Minister of Foreign Affairs and International Cooperation Emmanuel Fabiano has said Malaiw government is closely watching the situation in Zimbabwe as the military has taken over, placing President Robert Mugabe under house arrest and detaining senior government officials in what many are expecting to be the beginning of a transition of power.
Fabiano said according to Times Radio that Malawi government hopes that relevant parties can properly handle their internal affairs.
He said government is monitoring the situation, which he said is still “fluid”.
Mugabe is an ally of Malawi President Peter Mutharika and the relationship between Lilongwe and Harare have remained strong for many years from the time of Kamuzu Banda to Bakili Muluzi, strengthened during Bingu wa Mutharika then Joyce Banda and now Peter Mutharika.
A large community of Malawians in Zimbabwe’s are being advised to stay indoors following political tensions in the country, according to Malawi’s Ambassador to Zimbabwe, Ms Anne Kumwenda.
Legacy of tyrant
Mugabe’s legacy as one of the most ruthless tyrants of modern times will remain long after his days as notorious statesman of Zimbabwe are over, reports The Telegraph.
What could turn out to be Mugabe’s final night in charge of the troubled south African nation concluded in typically chaotic fashion with the Army saying it had Mugabe and his ambitious wife Grace in custody following a takeover of the state broadcaster.
Tensions escalated after the first lady appeared to be positioned to replace Mugabe’s recently fired deputy Emmerson Mnangagwa, leading many in Zimbabwe to suspect she could eventually succeed her husband.
The elderly politician’s second wife – after Sarah Hayfron died in 1992 – remained unpopular with some Zimbabweans because of her lavish spending, including in London’s plush stores, while many around her struggled against the country’s crippling economy.
Mugabe’s savage rule over Zimbabwe was dominated by murder, bloodshed, torture, persecution of political opponents, intimidation and vote-rigging on a grand scale.
Zimbabwe’s opposition Movement for Democratic Change (MDC) is calling for a peaceful return to constitutional democracy.
The MDC, the main political challenger to Mugabe’s ZANU-PF party for the last two decades, also said it hoped the military intervention would lead to the “establishment of a stable, democratic and progressive nation state”.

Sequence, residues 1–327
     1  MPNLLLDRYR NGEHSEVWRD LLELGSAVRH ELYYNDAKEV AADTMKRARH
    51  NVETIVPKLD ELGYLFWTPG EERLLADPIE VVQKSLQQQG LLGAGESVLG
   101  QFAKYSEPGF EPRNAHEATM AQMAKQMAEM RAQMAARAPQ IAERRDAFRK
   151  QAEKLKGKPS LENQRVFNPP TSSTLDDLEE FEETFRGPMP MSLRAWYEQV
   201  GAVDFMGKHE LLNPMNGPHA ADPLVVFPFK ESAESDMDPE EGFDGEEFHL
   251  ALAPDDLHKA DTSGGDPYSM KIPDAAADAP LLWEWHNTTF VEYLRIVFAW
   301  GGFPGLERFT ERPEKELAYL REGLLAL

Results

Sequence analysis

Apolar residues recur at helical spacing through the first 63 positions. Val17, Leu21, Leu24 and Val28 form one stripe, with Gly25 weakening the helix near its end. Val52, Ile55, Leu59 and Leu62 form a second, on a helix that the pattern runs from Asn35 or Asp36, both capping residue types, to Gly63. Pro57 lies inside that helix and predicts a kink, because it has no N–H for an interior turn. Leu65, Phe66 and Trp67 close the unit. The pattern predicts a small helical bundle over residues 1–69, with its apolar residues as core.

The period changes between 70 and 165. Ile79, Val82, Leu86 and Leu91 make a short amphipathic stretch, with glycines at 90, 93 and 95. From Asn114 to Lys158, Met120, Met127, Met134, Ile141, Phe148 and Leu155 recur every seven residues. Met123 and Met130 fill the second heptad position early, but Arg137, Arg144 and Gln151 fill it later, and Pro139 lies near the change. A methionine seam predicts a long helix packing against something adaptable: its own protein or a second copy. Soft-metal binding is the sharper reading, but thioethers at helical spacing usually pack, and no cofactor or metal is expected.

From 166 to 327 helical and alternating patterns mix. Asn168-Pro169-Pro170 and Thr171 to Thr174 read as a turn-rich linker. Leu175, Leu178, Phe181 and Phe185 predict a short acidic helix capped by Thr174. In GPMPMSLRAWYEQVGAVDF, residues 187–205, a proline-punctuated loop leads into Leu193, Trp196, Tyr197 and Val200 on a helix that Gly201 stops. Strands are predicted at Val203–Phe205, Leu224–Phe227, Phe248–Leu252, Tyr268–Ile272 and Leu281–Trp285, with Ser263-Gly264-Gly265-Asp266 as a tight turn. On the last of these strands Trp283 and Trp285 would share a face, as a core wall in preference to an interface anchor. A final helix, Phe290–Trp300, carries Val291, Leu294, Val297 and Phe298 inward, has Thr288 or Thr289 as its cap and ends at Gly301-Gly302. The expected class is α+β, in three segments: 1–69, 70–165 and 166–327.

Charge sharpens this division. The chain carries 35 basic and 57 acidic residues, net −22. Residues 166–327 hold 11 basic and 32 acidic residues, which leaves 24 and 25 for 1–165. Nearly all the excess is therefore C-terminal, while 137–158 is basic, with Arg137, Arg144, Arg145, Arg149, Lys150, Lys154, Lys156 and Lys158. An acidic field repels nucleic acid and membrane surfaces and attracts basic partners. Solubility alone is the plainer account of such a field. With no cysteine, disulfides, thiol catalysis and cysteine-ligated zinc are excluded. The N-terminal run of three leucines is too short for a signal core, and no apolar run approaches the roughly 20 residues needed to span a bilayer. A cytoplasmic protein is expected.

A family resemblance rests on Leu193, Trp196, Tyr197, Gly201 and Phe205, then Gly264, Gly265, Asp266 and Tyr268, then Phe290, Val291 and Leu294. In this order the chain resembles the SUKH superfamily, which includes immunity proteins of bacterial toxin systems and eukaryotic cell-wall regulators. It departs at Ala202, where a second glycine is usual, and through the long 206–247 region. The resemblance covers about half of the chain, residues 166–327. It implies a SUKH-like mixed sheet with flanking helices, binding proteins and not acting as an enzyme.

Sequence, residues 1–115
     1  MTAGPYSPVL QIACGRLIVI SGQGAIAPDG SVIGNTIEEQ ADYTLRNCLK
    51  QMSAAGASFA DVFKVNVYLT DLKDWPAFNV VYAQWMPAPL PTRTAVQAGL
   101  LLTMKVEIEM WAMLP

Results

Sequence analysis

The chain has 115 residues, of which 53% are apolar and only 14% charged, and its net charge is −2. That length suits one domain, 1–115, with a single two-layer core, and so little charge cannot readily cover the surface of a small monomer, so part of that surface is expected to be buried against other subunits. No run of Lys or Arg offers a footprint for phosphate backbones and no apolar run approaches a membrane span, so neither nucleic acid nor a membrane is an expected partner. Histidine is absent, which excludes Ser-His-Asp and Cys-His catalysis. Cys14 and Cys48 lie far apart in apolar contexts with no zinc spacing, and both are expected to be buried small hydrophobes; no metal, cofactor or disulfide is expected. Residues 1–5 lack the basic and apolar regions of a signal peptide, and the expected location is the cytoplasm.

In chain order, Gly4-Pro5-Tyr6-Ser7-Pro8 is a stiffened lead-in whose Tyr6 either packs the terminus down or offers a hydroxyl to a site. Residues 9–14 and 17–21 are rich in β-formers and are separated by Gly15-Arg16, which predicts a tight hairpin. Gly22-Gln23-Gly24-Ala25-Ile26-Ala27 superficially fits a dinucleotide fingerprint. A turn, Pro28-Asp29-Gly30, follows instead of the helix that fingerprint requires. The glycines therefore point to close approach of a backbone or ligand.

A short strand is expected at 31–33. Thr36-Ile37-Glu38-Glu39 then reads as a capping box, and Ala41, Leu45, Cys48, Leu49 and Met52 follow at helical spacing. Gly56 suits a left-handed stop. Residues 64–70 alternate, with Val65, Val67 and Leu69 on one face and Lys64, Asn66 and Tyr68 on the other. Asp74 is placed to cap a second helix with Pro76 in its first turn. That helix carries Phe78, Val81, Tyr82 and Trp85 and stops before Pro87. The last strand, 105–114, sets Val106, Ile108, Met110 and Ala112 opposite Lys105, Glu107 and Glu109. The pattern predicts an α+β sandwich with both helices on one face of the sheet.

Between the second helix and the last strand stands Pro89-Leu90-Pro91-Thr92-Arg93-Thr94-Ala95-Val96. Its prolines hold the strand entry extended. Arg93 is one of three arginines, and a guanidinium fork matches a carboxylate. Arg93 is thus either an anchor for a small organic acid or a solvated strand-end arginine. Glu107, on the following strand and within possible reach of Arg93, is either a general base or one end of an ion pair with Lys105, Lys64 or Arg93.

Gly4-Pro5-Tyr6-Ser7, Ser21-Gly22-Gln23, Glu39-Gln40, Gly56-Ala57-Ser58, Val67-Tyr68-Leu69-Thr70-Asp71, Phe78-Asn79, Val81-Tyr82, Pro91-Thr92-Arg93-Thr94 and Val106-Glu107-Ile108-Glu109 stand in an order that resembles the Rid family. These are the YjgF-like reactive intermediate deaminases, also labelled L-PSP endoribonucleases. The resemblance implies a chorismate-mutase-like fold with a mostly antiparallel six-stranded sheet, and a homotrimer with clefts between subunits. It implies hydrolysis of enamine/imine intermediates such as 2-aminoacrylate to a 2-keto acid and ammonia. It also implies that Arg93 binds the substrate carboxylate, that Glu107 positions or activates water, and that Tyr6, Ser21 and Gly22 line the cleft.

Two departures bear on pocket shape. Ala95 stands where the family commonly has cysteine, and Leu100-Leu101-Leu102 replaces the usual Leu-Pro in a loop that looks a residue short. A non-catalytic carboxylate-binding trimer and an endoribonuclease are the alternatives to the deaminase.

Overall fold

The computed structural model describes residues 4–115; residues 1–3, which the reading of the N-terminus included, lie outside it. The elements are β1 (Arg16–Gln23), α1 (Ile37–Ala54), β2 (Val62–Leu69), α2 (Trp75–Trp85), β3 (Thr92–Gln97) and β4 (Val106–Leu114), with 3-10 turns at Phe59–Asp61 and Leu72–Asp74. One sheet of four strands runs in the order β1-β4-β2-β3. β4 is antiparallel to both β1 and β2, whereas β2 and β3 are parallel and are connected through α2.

The Associated Press (AP) reports that Zimbabwe’s war veterans’ association has called the army’s actions a “bloodless correction”.
Chris Mutsvangwa, chairman of the war veterans’ group, told the AP in Johannesburg that Army General Constantino Chiwenga has carried out “a bloodless correction of gross abuse of power.” Mutsvangwa said the army will return Zimbabwe to “genuine democracy” and make the country a “modern model nation.”
Scenes in Harare
Reuters says Zimbabwean soldiers and armoured vehicles have blocked roads to the main government offices, parliament and the courts in central Harare.
Nearby, some Zimbabweans queued for cash outside banks while public taxis ferried commuters to work.
Army statement in full
The televised statement made by Zimbabwe Major General SB Moyo, Chief of Staff Logistics:
Follow and Subscribe Nyasa TV :
“We wish to assure the nation that His Excellency the President of the Republic of Zimbabwe, and commander in chief of Zimbabwe Defence Forces, Comrade RG Mugabe, and his family are safe and sound and their security is guaranteed.
“We are only targeting criminals around him who are committing crimes that are causing social and economic suffering in the country in order to bring them to justice.
“As soon as we have accomplished our mission, we expect that the situation will return to normalcy. To the civil servants, as you are aware, there is a plan by the same people to influence the current purging that is taking place in the political sphere to the civil service. We are against that act of injustice and we intend to protect every one of you against that.
“To the judiciary, the measures underway are intended to assure that as an independent arm of the state you are able to exercise your independent authority without fear of being obstructed.”